When presented with bad design, I often become irrationally, almost violently angry. The first time I was exposed to the class registration system at NMSU, I was seated at a university computer, in a public place, with my wife. None of these things stopped me from thumping the desk with my fist after twenty minutes of trying and failing to make the goddamn thing do what I wanted. I have said that bad design actually makes me more angry than the Holocaust; this is true. Obviously the Holocaust was worse than bad design, but I have no direct experience of its horrors. Bad design is with us every day, corroding us inside and out. It feels more immediate, to me. It feels oppressive.
Bad design makes me so angry because it is a message from the world, a whisper. It says: “No one cares about you. No one knows that you exist. No one knows what you are like. No one has taken the time to imagine you. No one wants to think about what you need or want. You are profoundly unimportant.”
Today at Slate, Farhad Manjoo does editors and designers everywhere the service of insisting on the plain and simple truth: putting two spaces after a period (or a colon, or a question mark, or an exclamation point, or etc.) is not just unnecessary, it is wrong, and furthermore a pain in the ass for everyone who has to handle your work when you’re done with it. It wasn’t long ago that it didn’t really matter how many spaces you used in a manuscript. The typesetter would have to retype the entire thing character by character, and it was very easy for them to remember not to key two spaces simply because the manuscript contained them. However, things have changed. We no longer re-type anything. We insert documents into other documents. We copy and paste. While it has become increasingly common for writers to work with an awareness of what typesetters do (because they are more and more often themselves doing this work, though perhaps more often in a WordPress “Add New” page or a Dreamweaver window than InDesign or Quark Xpress), I am still frequently amazed and disheartened by the ways in which they choose to format their manuscripts. Let’s talk about these things a little.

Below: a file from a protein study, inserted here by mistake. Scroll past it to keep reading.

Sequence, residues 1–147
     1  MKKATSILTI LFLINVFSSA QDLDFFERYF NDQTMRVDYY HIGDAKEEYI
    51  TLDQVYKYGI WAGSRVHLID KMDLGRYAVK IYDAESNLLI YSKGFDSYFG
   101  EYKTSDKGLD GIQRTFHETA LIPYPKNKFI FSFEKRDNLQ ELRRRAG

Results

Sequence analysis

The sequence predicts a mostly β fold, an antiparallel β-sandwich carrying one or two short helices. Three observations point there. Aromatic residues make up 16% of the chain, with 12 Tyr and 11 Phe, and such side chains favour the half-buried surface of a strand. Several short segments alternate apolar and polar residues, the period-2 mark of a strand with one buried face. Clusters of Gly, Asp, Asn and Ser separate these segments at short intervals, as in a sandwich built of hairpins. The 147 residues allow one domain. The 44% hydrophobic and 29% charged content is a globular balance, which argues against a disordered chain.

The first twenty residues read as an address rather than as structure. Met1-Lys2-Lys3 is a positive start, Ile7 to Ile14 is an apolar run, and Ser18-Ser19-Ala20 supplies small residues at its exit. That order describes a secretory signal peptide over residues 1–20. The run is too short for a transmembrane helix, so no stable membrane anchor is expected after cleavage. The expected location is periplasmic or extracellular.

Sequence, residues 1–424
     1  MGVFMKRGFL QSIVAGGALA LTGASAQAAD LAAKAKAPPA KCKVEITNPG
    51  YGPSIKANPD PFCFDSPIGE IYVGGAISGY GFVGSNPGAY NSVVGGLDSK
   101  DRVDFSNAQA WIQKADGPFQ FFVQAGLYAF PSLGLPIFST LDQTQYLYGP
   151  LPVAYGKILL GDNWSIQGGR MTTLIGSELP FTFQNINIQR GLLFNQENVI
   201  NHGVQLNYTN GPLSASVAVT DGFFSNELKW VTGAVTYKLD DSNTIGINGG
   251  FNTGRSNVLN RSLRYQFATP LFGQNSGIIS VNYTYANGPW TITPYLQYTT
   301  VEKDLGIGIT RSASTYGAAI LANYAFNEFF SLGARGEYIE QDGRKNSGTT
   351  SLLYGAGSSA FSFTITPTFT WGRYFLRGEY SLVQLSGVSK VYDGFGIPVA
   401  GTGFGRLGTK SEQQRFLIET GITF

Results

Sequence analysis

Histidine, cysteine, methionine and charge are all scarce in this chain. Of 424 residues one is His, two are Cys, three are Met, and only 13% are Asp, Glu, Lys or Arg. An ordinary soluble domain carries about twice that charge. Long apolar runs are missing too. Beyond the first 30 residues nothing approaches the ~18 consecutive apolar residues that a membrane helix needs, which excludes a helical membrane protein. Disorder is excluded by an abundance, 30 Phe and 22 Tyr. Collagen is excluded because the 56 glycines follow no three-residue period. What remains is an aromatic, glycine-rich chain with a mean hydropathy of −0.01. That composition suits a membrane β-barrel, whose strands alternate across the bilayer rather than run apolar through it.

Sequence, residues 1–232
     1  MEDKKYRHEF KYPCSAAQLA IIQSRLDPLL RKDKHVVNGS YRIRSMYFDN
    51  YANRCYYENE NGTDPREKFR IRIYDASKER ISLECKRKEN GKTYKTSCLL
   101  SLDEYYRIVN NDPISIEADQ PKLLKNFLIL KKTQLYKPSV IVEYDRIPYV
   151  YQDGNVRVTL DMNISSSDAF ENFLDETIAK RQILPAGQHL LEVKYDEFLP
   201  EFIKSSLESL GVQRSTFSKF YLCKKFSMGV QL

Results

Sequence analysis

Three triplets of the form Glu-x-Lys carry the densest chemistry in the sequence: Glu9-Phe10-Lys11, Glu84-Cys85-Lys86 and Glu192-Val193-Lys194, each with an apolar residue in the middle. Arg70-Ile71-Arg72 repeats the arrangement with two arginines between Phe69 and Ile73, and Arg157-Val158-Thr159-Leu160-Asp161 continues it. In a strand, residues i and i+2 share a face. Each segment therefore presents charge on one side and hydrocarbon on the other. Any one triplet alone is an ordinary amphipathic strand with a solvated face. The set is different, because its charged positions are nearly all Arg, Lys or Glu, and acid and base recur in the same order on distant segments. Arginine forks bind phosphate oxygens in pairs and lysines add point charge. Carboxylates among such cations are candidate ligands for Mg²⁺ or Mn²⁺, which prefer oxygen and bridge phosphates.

First, we need to define the problem more clearly. Basically, our goal should be to create the cleanest, most format-neutral manuscripts possible, with clear indications of the work’s intended appearance. What you create is not what will be published, but a source document. The goal is therefore not to simulate a published page, but to make a useable document that serves that purpose. There are four areas where writers most frequently get things wrong: the aforementioned spaces between sentences, indenting paragraphs, paragraphing generally, and page breaks. READ MORE >
Do you know what I’m tired of? Really bad cover art. I understand that when you run a small press you have limited funds and can’t pay some brilliant designer, but IDK, if you can’t create something new at least copy something good. I’m an aesthete and have no problem admitting that if a book has an awesome cover & i’ve never heard of it, I will be more likely to pick it up. Hell, if a book has an awesome cover and is some weird mathematical exploration of space I will pick it up and read it even though I formerly had no interest in mathematical explorations of space, etc. Here are 35 book/magazine/pamphlet covers that (I think) are better than most things in the world: